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The Boxed-In Gardening Method• Looks neat & tidy• Established limits• Grids = formula for success• Simplifies garden chores• Holds special soil mix above ground• No compaction, erosion, or puddles• Less maintenance in less space
Square Foot Gardening…a comparison Comparison by the numbers •50 strawberry plants in each plot •Square Foot plot accommodates same number of plants in 20% of the space, on average!
Layout of the Grid• Think squares, not rows• No grids = no character• Prominent, visible, and defined• Divide plot into 1’ by 1’ squares• Use sturdy materials
How much to plant?• Only what you want to eat• Prevent over-planting• Stagger your harvest• Promote conservation• Square by square, you’ll soon be there!
Vertical Gardening • More precious ground space & adds beauty • Face trellis north/south; plant on south side of trellis • Supports tall climbing vines • Protects from crawling insects • Provides air circulation • Allows for closer eye inspection • Pruning accessibility • Easier to harvestPhoto Credits: All New Square Foot Gardening, Mel Bartholomew
How to Make a Trellis • Materials needed: – Electrical conduit – Steel rods – Metal elbow couplings – Nylon nettingPhoto Credits: All New Square Foot Gardening, Mel Bartholomew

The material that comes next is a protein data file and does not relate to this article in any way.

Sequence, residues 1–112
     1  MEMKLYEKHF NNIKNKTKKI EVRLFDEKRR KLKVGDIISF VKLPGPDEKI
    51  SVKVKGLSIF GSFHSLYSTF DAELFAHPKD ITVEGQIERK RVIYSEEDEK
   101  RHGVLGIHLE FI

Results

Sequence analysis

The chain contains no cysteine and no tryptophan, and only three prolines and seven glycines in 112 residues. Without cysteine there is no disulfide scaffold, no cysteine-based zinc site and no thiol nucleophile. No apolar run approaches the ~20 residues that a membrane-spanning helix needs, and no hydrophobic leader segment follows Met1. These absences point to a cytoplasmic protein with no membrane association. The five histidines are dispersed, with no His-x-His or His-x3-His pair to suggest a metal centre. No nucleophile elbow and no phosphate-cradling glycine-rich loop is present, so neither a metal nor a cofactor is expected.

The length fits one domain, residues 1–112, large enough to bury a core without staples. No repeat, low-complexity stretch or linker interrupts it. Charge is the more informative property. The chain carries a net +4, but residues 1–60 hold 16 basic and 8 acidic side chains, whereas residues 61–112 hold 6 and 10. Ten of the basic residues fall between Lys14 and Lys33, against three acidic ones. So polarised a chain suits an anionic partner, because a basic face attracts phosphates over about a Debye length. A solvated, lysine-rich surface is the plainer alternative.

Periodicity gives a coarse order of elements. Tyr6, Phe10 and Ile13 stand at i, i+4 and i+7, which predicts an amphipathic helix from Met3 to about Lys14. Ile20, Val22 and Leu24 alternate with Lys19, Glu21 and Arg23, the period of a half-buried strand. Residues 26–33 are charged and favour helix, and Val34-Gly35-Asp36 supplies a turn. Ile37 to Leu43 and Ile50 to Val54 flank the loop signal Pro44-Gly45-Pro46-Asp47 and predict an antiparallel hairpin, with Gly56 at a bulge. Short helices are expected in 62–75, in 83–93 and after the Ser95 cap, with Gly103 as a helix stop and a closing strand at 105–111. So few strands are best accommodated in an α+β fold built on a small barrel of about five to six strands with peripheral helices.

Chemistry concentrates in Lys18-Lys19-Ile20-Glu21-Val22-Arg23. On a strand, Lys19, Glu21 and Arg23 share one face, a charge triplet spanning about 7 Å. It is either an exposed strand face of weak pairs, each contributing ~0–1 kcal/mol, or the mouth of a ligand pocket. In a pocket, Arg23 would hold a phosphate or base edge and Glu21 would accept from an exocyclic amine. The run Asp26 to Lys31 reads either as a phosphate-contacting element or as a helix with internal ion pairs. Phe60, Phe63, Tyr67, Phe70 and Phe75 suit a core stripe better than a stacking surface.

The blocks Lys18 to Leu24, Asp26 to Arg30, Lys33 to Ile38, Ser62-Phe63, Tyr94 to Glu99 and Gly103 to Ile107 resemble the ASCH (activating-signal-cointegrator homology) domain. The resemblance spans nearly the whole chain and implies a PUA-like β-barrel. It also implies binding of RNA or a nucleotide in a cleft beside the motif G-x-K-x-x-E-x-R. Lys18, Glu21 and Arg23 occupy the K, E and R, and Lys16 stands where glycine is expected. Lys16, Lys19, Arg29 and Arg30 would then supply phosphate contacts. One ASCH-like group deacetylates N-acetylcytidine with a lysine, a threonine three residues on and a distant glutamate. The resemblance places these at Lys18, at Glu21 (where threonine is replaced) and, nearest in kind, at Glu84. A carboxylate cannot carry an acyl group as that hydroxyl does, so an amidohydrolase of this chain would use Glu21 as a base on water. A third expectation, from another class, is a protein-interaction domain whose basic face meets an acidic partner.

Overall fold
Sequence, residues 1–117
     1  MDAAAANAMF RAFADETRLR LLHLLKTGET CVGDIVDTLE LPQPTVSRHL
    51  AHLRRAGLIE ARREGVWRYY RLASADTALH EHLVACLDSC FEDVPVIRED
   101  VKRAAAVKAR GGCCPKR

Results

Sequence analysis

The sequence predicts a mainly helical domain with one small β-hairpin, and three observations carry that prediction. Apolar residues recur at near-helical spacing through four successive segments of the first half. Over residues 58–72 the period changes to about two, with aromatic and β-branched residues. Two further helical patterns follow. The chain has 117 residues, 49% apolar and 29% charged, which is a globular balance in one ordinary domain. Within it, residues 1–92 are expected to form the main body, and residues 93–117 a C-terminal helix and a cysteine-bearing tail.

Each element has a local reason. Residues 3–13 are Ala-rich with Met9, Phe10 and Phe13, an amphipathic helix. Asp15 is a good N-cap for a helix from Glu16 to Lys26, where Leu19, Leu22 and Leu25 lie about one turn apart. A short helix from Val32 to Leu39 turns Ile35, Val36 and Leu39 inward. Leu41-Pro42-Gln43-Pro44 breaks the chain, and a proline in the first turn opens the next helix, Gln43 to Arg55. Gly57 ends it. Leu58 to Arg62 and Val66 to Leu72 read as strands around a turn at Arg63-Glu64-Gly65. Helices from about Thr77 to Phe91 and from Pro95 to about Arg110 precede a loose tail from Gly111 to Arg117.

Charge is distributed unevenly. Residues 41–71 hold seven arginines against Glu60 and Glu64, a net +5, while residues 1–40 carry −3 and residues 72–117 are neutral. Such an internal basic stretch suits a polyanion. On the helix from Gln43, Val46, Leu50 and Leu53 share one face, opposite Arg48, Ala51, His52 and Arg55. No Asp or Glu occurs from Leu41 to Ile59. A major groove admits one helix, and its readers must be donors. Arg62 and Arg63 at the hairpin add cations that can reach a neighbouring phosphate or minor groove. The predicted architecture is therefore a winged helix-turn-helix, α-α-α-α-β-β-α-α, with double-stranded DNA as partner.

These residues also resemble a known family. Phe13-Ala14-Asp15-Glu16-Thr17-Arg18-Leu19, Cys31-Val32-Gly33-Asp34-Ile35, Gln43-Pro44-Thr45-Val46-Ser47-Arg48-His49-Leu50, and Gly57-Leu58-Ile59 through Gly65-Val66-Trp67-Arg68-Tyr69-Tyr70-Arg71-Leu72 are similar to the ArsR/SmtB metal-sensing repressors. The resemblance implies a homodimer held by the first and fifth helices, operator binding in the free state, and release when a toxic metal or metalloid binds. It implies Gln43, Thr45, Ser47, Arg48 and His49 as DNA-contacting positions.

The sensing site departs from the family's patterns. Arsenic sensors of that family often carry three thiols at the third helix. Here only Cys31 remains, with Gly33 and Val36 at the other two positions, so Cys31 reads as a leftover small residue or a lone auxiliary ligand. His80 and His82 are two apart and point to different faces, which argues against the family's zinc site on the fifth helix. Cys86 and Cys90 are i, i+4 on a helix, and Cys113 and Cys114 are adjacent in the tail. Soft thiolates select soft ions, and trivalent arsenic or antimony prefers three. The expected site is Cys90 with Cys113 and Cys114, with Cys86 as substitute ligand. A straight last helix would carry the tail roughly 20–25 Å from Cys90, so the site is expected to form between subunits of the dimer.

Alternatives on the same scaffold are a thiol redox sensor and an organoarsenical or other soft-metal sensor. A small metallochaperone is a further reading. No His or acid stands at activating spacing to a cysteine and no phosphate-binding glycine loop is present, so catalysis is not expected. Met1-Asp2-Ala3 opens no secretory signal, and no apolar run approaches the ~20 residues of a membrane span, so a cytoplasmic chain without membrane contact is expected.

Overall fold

Putting the Trellis TogetherPhoto Credits: All New Square Foot Gardening, Mel Bartholomew
Plant Spacing• Know plant’s mature size by XL, L, M, and S• Chart shows how many plants per square• Direct seeding – only use 3 seeds; thin out 2• Transplant seedling into square based on mature plant size
Plant Spacing • Spacing for Vertical Growers – Per Square Foot: • Gourds (1) • Tomatoes (1) • Cucumbers (2) • Pole Beans (8) – Per Two Square Feet: • Melons (1) • Pumpkins (1) • Summer Squash (1) • Watermelon (1) • Winter Squash (1)Plant Spacing Chart: All New Square Foot Gardening, Mel Bartholomew
Plant by Height, Shape, Texture & Compatibility• Companion planting – friends or foes?• Group tall plants facing south inside bed• Add color with flowering plants
Starting Your Seedlings• Plant indoors 5-6 weeks prior to transplanting outdoors• Harden off plants prior to transplanting outdoors
Know Your Local Planting Dates!• 2/14: spinach; peas • 3/29: beans; potatoes• 2/21: carrots • 4/5: cucumbers;• 2/28: onions pumpkins; summer• 3/7: beets; broccoli; squash; winter squash parsnips • 4/12: corn; melons• 3/22: cabbage; cauliflower; lettuce; radishes These dates are the earliest recommended dates. See planting chart for full details.
Adding Protective Features • Covers/cold frames – early protection from late frost • Young seedlings have a better chance • Direct-seeding – provides warmth • Faster germination • Protect young seedlings from hot sun & animalsPhoto Credits: All New Square Foot Gardening, Mel Bartholomew
Labeling the Plants• Label at time of planting• List date planted• List number of days until harvest• Important to keep records
Enjoy Your Garden!After all the preparation and work, find a bench and enjoy!